“I do what they say because if I do, they might like me. If I don’t, they won’t even talk to me.”
Sounds like middle school, right? Wrong. This is third grade. This is a kind, funny, smart and athletic third-grade girl, and this is her struggle during lunch and recess every single day.
When relational aggression is portrayed in TV and movies, we see outrageous acts of “mean girl” behavior that seem almost unbelievable. When relational aggression occurs in the real world, however, it looks a lot like this.
Shifting alliances, ultimatums, false apologies and emotional control are all too familiar to many young girls these days. As they grow and dip their toes into things like social media, cyberbullying can become an issue. While parents often tell me that they know “this is something kids just have to learn to deal with,” the long-term repercussions of “just dealing” with bullying (in any form) can be devastating.
This isn't just a phase, kids being kids, something that they need to learn to walk away from. A new study, conducted at the University of Illinois and published online by Social Psychology of Education, shows that children who experienced bullying when they were kids reported significantly greater levels of mental health problems as young adults. The study evaluated 480 college students. Researchers surveyed participants about their exposure to a variety of traumatic experiences as kids and assessed their psychological functioning.
Results of the survey showed that bullying was the strongest predictor of PTSD symptoms among the participants. Females, in particular, struggled with the long-term effects of bullying, reporting higher levels of anxiety, depression and symptoms of PTSD than their male counterparts.
It can be difficult to walk away from a peer group, even if that peer group isn’t being kind.
Studies like this one are eye-opening, because they show us what happens down the line if young children don’t receive the help and support they need. The good news is that we can take steps to help kids navigate these difficult social issues early on, and that will help them work through similar issues as they get older. Here's where to focus:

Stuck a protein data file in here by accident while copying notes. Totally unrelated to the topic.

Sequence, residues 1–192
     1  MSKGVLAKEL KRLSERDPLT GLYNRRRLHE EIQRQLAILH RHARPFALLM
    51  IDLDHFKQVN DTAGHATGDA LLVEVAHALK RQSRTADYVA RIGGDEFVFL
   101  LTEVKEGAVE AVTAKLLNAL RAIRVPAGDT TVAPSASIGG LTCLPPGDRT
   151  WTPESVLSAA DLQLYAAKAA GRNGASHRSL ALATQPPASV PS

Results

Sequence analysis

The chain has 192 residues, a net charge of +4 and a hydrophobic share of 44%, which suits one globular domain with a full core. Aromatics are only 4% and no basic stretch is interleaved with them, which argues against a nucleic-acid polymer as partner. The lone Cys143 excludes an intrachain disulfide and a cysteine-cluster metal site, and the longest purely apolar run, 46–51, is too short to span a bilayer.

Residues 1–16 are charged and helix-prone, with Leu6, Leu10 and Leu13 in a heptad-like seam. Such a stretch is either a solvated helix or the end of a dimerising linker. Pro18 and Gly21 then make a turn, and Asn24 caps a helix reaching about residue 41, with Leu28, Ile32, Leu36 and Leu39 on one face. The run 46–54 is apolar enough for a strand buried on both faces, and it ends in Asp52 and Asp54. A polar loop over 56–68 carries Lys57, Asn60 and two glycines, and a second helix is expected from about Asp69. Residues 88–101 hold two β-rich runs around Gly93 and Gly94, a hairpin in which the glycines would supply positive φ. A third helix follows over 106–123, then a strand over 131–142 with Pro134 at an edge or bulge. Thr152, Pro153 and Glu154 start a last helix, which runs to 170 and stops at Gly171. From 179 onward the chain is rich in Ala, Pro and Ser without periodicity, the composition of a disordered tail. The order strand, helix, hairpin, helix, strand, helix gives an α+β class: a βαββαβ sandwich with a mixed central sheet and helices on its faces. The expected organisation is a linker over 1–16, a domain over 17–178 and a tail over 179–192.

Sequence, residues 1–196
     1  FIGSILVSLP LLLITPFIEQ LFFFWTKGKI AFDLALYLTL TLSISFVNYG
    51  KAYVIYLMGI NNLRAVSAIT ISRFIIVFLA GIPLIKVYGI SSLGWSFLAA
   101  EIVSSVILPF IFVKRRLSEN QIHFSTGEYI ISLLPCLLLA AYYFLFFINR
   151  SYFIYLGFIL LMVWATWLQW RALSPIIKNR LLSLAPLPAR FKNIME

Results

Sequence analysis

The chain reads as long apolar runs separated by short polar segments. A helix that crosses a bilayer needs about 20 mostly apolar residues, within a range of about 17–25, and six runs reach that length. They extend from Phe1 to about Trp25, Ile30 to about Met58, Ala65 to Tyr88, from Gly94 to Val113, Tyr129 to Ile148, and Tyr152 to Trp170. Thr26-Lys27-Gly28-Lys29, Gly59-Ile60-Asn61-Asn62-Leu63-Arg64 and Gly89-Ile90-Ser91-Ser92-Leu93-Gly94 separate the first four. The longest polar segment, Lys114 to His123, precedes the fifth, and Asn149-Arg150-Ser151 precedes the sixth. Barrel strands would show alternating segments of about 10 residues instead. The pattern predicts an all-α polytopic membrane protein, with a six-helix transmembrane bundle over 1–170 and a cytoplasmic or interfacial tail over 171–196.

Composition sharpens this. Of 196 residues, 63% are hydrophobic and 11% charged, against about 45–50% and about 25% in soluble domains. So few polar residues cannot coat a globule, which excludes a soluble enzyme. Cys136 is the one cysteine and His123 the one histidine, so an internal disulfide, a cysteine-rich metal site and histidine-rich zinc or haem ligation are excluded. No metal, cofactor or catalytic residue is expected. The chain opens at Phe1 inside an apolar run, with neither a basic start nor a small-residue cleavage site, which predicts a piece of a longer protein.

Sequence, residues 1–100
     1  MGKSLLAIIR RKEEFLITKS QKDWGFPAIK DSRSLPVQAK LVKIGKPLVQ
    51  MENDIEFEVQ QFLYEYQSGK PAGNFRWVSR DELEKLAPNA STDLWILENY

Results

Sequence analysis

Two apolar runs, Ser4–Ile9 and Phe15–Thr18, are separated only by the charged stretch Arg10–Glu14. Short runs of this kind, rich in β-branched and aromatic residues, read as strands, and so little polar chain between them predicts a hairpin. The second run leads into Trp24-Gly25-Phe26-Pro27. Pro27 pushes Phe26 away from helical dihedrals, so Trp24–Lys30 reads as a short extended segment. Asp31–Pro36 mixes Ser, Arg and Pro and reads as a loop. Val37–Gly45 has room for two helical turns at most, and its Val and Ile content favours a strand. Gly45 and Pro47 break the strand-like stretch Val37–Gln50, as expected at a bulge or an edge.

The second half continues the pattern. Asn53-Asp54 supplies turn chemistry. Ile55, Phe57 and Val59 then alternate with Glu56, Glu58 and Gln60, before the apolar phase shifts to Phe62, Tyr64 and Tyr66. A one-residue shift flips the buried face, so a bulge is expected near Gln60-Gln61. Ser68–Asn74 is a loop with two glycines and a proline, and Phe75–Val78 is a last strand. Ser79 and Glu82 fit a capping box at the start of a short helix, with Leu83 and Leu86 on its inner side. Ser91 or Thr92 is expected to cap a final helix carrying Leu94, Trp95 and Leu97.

1. Verbalize emotions.
A mistake I see parents make over and over again is to tell kids to let this stuff roll off their backs and leave it at that. It’s exceptionally difficult to simply “walk away” or "not take it so personally” when other kids are excluding, spreading rumors or shooting nasty looks all day long.
Encourage your child to verbalize her emotions about her peer relationships. Listen when she talks about the negative interactions she experiences, her feelings about those interactions and what she did to cope. It can be difficult for parents to step back and listen without trying to fix. But getting those feelings out is an essential step toward building adaptive coping strategies.
2. Help her find her tribe
A teenage girl recently told me that she switched peer groups four times in elementary school because she couldn’t find the right fit. She wanted to get away from unkind behavior, but she struggled to find the right group. According to this young woman, high school is much easier, because you simply hang out with the kids with similar interests.
They need help and support from the beginning, not after they’ve been in survival mode for months or even years.
It can be difficult to walk away from a peer group, even if that peer group isn’t being kind. Young girls feel an intense pressure to fit in and be part of the group. You can help your daughter find her best match by using friendship maps. Have her draw all of her friends from the different parts of her life (school, sports, summer camps, etc.) Talk about how she formed those friendships and how she can use those experiences to start new friendships.
3. Talk about how to get help
Many young girls tell me that they don’t seek help at school because they are afraid the bullying will get worse, they don’t think their teachers like “tattling” or they don’t know when they should get help. In short, they’ve been taught to tough it out so they sit back in silence and attempt to survive the day.
It’s essential to talk to young girls about where to get help and how soon to reach for a lifeline. When they internalize negative interactions over and over again, they develop negative core beliefs. They begin to believe that they are worthless, unlikeable and the source of the problem. Over time, they experience symptoms of anxiety and/or depression. I’ve seen this happen over and over again. They need help and support from the beginning, not after they’ve been in survival mode for months or even years.
Help your daughter create an action plan so that she knows what to do and where to go when she needs emotional support at school. All kids need a touchstone at school. But for kids who are bullied, knowing how to get support can be the difference between learning to cope and overcome huge obstacles, or heading down a path of maladaptive coping strategies that might very well lead to self-destructive behaviors.